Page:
According to Vitalik Buterin and other authors of the soulbound concept, Web3 shook the world by creating a parallel system of finance in less than a decade. Web3 emerged as a way to bring back power to the hands of the users after having to give away a portion of personal data in exchange for an improved customer experience. The reverse in the power dynamics came up shortly after regulators worldwide understood that collecting, using, and monetising data should be subjected to strict regulations.
Innovations such as smart contracts, proof-of-work, proof-of-stake, and public key cryptography all led to the creation of a transparent and open ecosystem for financial transactions. Blockchain technology aided tremendously in moving information away from centralised authorities and into the hands of individual users. In terms of data, blockchain provided a secure manner of storing data without the interference or supervision of a central authority.
Read about the dangers of centralised information and how blockchain helps to reverse the current power dynamics in this Learn Crypto article: “How Blockchain Takes Info Away from Centralised Authority”.
However, the current iteration of Web3 is primarily concerned with digital assets and finances that are transferable in their nature. Herein lies the point of connection between Web3, soulbound tokens, and the decentralised society.
As explained briefly by the authors, with the focus being solely on a novel financial system of transferable digital assets, we have forgotten that many conventional economic theories depend on social relationships that are built on trust and are non-transferable in their essence.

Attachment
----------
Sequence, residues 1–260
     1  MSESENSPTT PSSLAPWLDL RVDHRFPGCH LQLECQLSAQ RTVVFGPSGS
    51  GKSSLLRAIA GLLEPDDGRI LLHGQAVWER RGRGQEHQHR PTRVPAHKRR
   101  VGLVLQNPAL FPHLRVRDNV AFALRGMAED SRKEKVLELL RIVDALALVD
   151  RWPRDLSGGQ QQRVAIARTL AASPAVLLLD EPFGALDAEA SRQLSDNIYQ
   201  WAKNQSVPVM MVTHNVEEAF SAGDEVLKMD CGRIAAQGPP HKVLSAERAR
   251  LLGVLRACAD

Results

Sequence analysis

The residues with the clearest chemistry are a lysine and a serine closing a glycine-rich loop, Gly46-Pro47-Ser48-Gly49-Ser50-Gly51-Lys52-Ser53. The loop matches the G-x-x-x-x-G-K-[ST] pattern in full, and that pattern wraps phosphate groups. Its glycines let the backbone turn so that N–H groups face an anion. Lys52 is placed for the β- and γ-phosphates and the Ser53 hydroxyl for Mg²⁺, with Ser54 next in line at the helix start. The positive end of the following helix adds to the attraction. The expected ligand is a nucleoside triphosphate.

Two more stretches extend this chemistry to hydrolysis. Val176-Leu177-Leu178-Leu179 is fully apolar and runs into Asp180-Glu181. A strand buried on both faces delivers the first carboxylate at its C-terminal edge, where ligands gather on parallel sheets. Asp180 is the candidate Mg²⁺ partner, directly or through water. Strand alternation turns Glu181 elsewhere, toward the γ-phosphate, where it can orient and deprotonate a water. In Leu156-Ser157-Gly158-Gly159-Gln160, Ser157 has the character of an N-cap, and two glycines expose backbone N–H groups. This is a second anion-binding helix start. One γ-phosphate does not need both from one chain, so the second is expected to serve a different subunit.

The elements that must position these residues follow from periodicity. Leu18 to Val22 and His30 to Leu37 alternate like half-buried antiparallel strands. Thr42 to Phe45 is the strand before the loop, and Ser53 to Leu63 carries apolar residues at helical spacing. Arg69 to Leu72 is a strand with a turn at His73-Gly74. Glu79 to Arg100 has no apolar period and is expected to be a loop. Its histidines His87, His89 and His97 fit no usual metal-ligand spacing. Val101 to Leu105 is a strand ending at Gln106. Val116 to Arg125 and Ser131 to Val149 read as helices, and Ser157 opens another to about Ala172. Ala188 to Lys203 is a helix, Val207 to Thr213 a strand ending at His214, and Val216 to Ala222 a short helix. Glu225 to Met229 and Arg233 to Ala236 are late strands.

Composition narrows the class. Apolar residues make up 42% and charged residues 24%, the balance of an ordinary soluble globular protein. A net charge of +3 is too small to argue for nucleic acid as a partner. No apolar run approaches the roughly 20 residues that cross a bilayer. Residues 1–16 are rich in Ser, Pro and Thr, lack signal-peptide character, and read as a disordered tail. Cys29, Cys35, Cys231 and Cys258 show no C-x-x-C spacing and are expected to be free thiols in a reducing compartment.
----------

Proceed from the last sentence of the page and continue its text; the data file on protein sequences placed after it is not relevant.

Hence, the authors propose the introduction of non-transferable tokens possessed by ‘souls’ as accounts that serve as means in Web3 to improve the encoding of social relationship networks and as building blocks of the new concept of DeSoc.
Establishing that Web3 is pretty much centred on finance and ownership, Decentralised Society or DeSoc is expected to soften this current hyper-financialised status, nudging it toward a more pluralistic and impactful future.
If built properly, it has the potential to set the stage for novel governance mechanisms and property rights that lie on trust and cooperation. The authors of the concept refer to DeSoc as the co-determined society where communities and souls convene bottom-up, as emergent properties of each other to produce plural network goods across divergent scales. They highlight the significance of plural network goods as the main feature of DeSoc. Networks are the main driver of economic progress, yet likely to be captured by private actors, such as in the case of Web2 tech giants or powerful governments.
Even on the centralisation/decentralisation coin, there are other obscured sides. While Web3 is mainly focused on the concept of DeFi, Buterin and others think that without DeSoc, the financial concept needs to build up on a trustless premise, which requires trust networks encoded by DeSoc to underpin real economic concepts and generate plural network goods that are resilient to extraction or capture.
The connection between DeSoc and SBTs can be seen in the authors’ vision of how SBTs work, and the notion that these tokens are building blocks of the DeSoc.
At the time of writing and to our knowledge (as of December 2022), no soulbound token exists. There appear to be plenty of testnets and trials, but it is still very much an idea being worked on.
Nevertheless, some mechanics have already been outlined. The most interesting feature of SBTs is their non-transferability. In contrast to most popular token standards such as fungible currency tokens like Ether (ETH) and NFTs, an SBT is not designed to have a particular monetary value as it cannot be transferred from one person to another.
Apart from the fact that SBTs are related to a non-transferable identity, these tokens would operate similarly to NFTs. Even Buterin refers to them as non-transferable NFTs since each SBT is distinct and non-fungible, namely unique.